This week begins with some great news regarding Merger of T-Mobile and Sprint.

T-Mobile confirmed today that it is made some commitments to the FCC as part of its merger. These include mobile 5G and home broadband deployments, the promise to sell Boost Mobile, a commitment not to raise prices. When it comes to 5G, T-Mo says it will cover 97% of the US population with 5G on the low-band spectrum and 75% of the population with 5G on the mid-band spectrum within three years following the close of the merger. As a result, nearly two-thirds of Americans will get speeds of 100 Mbps or more, T-Mo says.

Another commitment from T-Mobile is that it will cover 85% of rural America waiting for 5G on low-band spectrum within three years of the merger closing, with that number rising to 90% in six years. . The operator adds that it intends to get speeds of 100 Mbps or more to 99% of the US population in six years and 50 Mbps or more to 99% of the population, and it says it plans to verify these speeds with driving tests.

On domestic broadband, T-Mobile has committed to market its service to 9.6 million eligible households, of which at least 2.6 million will be rural within three years of the merger closing. Within six years of the merger closing, T-Mobile intends to market its home broadband to 28 million eligible households, including 5.6 million in rural areas.

T-Mobile has also pledged to sell Sprint’s Boost Mobile prepaid business if its merger is approved. T-Mo says he will find a “serious, credible, financially capable and independent buyer” and that the new Boost will have “attractive wholesale arrangements” that include a six-year wholesale MVNO deal. T-Mobile plans to find a buyer for Boost and submit a new MVNO deal to the FCC within 120 days of the merger closing, subject to two 30-day extensions.

Finally, T-Mobile reiterated its commitment to set prices after the merger. The new T-Mobile will offer “the same or better plans at the same or better prices for three years,” including 5G.

T-Mobile says it will submit annual reports on its progress in achieving its 5G and home broadband deployments. For its three- and six-year commitments, T-Mo plans to produce a report that includes drive test data, polygon coverage shapefiles, population and household coverage counts, site listings, marketing figures and executive certifications.

In response to commitments from T-Mobile and Sprint, FCC Chairman Ajit Pai has advised whether approved by the FCC:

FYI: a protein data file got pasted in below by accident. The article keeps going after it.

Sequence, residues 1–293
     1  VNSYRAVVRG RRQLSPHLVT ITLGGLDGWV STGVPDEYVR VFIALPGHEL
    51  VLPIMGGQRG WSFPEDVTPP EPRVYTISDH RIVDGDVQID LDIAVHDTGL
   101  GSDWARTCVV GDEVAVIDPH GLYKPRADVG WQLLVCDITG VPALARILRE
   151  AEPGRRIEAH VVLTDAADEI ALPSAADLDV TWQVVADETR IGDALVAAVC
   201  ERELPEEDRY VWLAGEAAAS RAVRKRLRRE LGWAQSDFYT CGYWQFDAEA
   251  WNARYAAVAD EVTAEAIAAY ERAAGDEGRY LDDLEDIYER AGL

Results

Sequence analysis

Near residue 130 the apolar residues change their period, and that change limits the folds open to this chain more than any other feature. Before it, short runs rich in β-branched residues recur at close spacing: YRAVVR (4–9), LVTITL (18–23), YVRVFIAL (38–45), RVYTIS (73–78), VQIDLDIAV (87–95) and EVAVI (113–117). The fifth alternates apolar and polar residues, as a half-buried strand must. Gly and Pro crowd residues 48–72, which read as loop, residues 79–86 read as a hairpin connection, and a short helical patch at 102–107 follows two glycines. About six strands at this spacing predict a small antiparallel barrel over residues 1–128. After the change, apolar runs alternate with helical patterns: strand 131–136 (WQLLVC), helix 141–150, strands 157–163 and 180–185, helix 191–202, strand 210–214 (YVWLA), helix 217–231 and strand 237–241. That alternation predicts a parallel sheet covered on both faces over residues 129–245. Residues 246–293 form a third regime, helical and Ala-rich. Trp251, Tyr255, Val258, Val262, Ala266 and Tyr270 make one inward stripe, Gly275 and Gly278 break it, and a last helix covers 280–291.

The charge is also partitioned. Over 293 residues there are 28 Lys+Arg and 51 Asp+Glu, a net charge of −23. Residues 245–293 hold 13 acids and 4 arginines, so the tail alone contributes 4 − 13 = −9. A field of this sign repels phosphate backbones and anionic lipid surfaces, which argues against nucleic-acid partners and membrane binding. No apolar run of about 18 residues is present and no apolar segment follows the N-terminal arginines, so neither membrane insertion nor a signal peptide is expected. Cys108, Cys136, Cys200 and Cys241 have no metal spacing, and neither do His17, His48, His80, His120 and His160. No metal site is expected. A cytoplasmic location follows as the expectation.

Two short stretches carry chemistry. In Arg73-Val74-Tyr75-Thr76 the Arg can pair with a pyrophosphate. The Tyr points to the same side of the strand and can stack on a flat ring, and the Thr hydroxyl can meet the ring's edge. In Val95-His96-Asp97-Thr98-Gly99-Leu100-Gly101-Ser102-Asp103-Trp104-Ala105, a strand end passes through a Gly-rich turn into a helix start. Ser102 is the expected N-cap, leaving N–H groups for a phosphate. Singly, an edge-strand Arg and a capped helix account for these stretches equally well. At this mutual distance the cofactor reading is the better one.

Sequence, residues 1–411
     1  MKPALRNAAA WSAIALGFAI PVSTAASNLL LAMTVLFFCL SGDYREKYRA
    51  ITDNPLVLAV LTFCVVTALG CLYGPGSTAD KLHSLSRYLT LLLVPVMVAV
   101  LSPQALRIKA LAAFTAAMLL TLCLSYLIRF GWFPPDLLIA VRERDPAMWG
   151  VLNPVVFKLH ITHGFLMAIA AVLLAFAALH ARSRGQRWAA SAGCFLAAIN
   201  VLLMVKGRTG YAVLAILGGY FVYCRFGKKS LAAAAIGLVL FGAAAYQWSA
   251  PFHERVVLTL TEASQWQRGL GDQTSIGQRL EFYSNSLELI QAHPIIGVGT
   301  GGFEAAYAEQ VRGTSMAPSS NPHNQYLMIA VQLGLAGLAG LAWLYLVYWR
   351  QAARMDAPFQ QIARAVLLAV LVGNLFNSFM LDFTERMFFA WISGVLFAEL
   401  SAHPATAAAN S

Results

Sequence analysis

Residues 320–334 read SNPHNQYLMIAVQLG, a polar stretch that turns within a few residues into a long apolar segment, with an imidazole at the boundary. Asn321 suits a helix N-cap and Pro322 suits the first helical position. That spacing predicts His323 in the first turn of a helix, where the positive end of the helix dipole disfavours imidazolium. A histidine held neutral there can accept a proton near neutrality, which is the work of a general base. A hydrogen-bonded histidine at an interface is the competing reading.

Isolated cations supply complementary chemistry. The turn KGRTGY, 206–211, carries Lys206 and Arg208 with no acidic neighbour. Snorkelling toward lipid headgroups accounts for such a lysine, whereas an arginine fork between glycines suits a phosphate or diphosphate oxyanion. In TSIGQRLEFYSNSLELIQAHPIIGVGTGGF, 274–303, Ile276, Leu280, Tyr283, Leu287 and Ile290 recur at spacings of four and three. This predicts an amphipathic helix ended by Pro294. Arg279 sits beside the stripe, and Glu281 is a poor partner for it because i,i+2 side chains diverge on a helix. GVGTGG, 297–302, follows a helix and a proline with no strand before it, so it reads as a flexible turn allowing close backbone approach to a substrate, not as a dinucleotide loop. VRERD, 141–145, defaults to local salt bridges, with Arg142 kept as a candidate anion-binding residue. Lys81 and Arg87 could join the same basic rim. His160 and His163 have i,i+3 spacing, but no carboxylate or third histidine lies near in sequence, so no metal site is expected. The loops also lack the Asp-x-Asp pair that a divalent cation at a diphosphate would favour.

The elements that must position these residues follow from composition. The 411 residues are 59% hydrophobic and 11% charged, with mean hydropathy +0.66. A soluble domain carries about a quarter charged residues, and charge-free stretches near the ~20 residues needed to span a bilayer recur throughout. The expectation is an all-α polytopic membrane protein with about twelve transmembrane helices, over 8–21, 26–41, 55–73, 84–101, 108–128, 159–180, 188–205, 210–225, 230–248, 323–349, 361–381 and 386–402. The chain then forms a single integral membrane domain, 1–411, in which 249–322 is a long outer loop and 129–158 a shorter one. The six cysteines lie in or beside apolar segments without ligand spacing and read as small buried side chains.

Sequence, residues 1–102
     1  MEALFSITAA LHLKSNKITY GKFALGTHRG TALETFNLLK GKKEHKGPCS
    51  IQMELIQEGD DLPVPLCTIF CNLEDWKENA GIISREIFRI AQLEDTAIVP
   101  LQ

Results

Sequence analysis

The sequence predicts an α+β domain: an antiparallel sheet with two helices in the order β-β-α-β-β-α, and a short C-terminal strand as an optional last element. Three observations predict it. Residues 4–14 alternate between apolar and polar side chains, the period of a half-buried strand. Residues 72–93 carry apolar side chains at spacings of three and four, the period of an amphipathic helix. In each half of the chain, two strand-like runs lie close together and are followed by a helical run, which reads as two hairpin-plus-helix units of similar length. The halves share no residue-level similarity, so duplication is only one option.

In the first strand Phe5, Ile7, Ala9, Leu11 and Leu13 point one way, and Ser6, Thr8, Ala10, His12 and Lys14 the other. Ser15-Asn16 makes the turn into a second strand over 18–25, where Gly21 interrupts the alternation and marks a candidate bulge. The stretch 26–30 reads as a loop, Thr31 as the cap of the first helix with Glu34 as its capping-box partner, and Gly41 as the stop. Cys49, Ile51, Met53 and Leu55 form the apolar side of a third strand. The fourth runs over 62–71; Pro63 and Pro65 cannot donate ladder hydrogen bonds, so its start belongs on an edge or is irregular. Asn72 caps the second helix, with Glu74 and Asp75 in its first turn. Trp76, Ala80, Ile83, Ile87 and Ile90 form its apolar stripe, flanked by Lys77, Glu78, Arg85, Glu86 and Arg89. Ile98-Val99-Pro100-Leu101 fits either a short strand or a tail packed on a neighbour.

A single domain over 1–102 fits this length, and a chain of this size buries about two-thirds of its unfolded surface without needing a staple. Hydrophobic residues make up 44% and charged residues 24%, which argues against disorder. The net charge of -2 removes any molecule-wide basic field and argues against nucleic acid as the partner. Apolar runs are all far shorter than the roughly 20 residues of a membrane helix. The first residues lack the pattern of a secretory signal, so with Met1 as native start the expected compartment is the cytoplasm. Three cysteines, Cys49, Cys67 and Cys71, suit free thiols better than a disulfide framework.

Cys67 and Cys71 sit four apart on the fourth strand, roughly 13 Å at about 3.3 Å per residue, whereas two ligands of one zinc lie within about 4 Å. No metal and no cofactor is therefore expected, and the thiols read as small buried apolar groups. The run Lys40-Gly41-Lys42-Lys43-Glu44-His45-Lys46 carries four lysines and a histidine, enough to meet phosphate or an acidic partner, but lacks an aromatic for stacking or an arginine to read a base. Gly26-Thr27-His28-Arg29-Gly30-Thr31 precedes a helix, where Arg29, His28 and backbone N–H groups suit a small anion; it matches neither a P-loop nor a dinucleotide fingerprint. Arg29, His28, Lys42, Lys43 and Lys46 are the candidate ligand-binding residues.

“In light of the significant commitments made by T-Mobile and Sprint as well as the facts recorded to date, I believe this transaction is in the public interest and I intend to recommend to my colleagues that the FCC l ‘approved. This is a unique opportunity to accelerate the rollout of 5G across the United States and bring much faster mobile broadband to rural Americans. We must seize this opportunity.

FCC Commissioner Brendan Carr also announced his support of the merger. “I support the combination of T-Mobile and Sprint because Americans across the country will see more competition and an acceleration in the development of fast 5G services,” said Commissioner Carr, adding that the agreement’s commitments are “verifiable and enforceable” and that T- Mobile’s commitment to rural 5G “will help bridge the digital divide”.

FCC Commissioner Jessica Rosenworcel is not as enthusiastic about the deal. “We’ve seen this kind of consolidation in the airlines and with the pharmaceutical companies. It has not worked well for consumers ”, said Commissioner Rosenworcel tweeted today. “But now the FCC wants to bless the same kind of consolidation for wireless carriers. I have serious doubts.

Getting the FCC chairman’s backing for the merger is a big deal for T-Mobile and Sprint, but the deal is yet to be done. The Department of Justice is still reviewing the merger and DOJ antitrust chief Makan Delrahim recently said that he hadn’t made up his mind on the matter.

UPDATE: FCC Commissioner Mike O’Rielly spoke out in favor of the T-Mobile-Sprint merger:

Sources: T Mobile, New T-Mobile, FAC

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